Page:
Yuri Manga: Sakura Buntsuu さくら文通

August 26th, 2010

Before there was Yuri Hime, before there was Rose of Versailles, before there was Ribon no Kishi…there was Hana Monogatari. I’ve written about this series of short stories before: by Yoshiya Nobuko, the Hana Monogatari series was one of the earliest and most successful examples of Japanese literature for young women. In the same way that the Little Women and Little House on the… series defined American girls’ literature, Hana Monogatari set an enduring standard (and indeed, many of the tropes we still see in shoujo manga) for Japanese girls’ lit.

These Flower Tales ran in magazines for young women, were set in the Taisho period (1912-1926) in which they were written, and told stories of young women in school, forming friendships, relationships and becoming adults. Each story was named after a flower, hence the title. There are a few stories of the collection that have what we, today, might see as girls’ love. The ones I know of are “Cosmos” and “Yellow Rose,” but as I have not read the entire collection, I don’t know if they are it. And to be fair, neither are what a modern audience might look for as “Yuri.” (As I’ve said many times, ALC’s Yuri Monogatari series is named as a nod to this defining work.)

It is impossible *not* to think of this early 20th century collection when reading this collection of stories by Himawari Souya, Sakura Buntsuu (さくら文通)

The first story, “Cosmos,” takes place in the modern day, but is not truly contemporary. Miyako, having been packed off to an aunt’s to get her away from her cell phone life, finds herself falling for a mysterious girl who frequents a garden of cosmos in front of a mansion. It appears that the girl is merely a spirit who cannot depart, but a twist of fate brings the two together in our plane of existence.

The second story, “Kuchinashi” (Gardenia) is even set in the Taisho period. I have little doubt that the Japanese audience would immediately see is as an homage to Hana Monogatari. Gardenia’s meaning in the language of flowers is “secret love,” and that is exactly what the story is about. A love that, 90 years later would have been free to exist, must remain a secret girlhood memory.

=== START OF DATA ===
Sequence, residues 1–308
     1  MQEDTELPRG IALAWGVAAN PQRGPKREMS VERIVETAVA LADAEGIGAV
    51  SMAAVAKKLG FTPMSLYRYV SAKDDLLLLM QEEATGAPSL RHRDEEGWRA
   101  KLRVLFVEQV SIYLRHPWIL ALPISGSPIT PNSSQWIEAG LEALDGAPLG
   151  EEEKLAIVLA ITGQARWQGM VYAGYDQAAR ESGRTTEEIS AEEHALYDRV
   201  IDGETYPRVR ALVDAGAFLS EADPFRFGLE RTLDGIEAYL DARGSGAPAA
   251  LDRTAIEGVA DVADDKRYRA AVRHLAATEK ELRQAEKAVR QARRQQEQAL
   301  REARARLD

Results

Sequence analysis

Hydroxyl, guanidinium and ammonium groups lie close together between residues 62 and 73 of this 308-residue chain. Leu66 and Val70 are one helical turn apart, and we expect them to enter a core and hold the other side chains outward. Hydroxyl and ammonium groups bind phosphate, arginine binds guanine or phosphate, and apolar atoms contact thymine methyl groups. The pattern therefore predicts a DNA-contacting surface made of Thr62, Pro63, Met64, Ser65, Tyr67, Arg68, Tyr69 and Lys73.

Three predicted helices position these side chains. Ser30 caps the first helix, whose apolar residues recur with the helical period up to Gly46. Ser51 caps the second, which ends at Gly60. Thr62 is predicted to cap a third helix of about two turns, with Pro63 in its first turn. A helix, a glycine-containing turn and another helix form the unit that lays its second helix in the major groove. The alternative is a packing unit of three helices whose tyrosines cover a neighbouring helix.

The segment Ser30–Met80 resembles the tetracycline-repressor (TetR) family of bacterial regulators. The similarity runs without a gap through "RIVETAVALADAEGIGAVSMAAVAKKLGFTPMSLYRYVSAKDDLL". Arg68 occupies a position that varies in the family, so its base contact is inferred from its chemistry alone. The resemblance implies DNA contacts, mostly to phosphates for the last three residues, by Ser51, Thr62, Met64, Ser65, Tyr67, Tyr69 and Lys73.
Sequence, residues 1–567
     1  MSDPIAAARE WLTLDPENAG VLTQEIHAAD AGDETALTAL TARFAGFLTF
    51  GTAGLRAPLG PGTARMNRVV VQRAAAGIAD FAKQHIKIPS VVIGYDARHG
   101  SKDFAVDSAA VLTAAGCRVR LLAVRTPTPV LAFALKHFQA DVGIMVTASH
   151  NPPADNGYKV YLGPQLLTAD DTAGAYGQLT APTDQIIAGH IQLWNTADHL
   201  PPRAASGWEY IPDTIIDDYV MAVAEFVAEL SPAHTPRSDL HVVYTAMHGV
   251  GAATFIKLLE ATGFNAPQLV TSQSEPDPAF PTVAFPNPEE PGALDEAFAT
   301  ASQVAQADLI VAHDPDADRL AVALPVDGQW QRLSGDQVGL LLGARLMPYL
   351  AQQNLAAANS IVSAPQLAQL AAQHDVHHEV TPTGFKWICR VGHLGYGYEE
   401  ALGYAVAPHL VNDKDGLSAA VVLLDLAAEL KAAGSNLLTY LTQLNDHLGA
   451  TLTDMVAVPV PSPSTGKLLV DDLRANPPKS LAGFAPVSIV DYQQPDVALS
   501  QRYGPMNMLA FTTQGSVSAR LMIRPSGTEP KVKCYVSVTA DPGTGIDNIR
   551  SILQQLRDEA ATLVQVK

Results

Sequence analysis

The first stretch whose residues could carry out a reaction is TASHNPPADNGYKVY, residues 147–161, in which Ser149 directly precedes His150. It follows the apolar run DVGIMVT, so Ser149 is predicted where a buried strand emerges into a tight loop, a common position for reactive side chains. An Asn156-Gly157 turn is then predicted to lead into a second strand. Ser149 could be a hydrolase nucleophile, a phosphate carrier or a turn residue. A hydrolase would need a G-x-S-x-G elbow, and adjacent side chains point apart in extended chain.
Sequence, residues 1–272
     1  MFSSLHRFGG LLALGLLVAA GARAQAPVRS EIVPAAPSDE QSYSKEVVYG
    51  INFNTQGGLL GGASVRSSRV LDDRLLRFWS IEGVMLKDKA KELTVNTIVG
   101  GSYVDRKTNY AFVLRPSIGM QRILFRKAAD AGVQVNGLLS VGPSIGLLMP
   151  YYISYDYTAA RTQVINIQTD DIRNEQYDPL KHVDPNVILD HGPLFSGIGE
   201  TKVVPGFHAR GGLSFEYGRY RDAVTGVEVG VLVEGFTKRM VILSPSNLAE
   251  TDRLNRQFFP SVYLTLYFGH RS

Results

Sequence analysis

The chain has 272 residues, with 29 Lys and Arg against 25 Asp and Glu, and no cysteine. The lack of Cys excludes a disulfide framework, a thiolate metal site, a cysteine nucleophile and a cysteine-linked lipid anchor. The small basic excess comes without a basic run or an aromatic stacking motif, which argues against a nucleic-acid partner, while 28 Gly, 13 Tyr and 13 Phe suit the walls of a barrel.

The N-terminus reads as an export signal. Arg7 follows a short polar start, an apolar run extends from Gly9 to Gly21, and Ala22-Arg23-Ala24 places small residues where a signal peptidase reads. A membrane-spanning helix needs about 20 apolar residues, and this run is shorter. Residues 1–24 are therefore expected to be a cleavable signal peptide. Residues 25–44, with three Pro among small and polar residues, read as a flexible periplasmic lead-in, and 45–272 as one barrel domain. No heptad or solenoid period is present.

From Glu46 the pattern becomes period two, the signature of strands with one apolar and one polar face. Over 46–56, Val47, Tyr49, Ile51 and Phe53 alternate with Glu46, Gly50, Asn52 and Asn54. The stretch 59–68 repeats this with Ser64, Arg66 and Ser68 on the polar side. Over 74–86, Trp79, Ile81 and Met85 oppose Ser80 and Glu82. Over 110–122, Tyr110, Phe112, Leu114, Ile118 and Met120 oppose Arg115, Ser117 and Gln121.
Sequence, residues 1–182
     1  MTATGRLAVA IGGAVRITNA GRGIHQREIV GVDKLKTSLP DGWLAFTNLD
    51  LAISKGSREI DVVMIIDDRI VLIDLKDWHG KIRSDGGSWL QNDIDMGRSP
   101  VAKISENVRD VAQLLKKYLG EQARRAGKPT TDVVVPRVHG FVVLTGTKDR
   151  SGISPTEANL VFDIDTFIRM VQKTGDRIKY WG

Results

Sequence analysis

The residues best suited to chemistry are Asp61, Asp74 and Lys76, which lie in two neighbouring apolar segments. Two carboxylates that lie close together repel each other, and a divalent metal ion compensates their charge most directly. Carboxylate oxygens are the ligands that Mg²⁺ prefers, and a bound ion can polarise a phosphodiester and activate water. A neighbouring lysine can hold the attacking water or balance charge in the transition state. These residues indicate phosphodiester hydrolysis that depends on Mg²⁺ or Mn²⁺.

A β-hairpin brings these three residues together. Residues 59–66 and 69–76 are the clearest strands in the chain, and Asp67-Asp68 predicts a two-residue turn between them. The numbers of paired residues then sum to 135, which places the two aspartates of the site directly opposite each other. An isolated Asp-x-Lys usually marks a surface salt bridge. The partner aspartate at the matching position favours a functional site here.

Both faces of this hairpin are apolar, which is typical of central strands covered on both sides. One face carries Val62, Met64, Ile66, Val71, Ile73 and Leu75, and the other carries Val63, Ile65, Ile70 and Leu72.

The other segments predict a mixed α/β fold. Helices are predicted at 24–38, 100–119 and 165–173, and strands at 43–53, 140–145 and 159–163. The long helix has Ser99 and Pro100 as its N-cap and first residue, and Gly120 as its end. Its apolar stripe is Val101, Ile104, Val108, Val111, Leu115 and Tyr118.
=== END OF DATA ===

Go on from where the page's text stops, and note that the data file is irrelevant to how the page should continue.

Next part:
“Sakura Buntsuu” (Cherry Correspondence) is also set in the Taisho period. A note book drops from a bridge in front of Sakurako. In the notebook is a letter, addressed to her – containing a confession of love. She tells the other girls in her class about it, and one of them is a little unkind. But when she waits to see if her own letter, left in the bole of a sakura tree, is picked up, it is of course the other girl who was the confessor. Sakurako saw her true heart in the letter.

“Hare ni Mau Yuki” (Dancing Snow on a Clear Day) tells the sweet story of a princess and her dashing female champion.

And the final Yuri Hime story, “Hoshi ni Onegai wo” (Wishing on a Star) is a rather emotional story of two friends who have lost their beloved friend, remembering her on a starry night.

The book gets a new chapter, one that I don’t believe ran in the magazine, “Sakura Buntsuu: Another Story” in which the story from the earlier “Sakura Buntsuu” is updated to modern days; the hole in the tree where the letters are placed looks awfully similar to the one in the original story. In my head, it’s the same school. 90 years later and this time, the relationship can blossom happily. ^_^


Art – 7
Stories – 8
Characters – 7
Yuri – 7
Service – 1 (with one exception, which was a 5, see below)

Overall – 7

There was another story that I skipped, FYI. It fits neither the rest of the book nor this review and it does not makes me happy, so as far as I’m concerned it simply doesn’t exist.

Send to Kindle

One Response

  1. Anonymous says:

    I’m guessing the story you skipped was a disturbing story about little, underaged half-human half-animal exclusively bred to be willing sex slaves of whoever purchases them…

Leave a Reply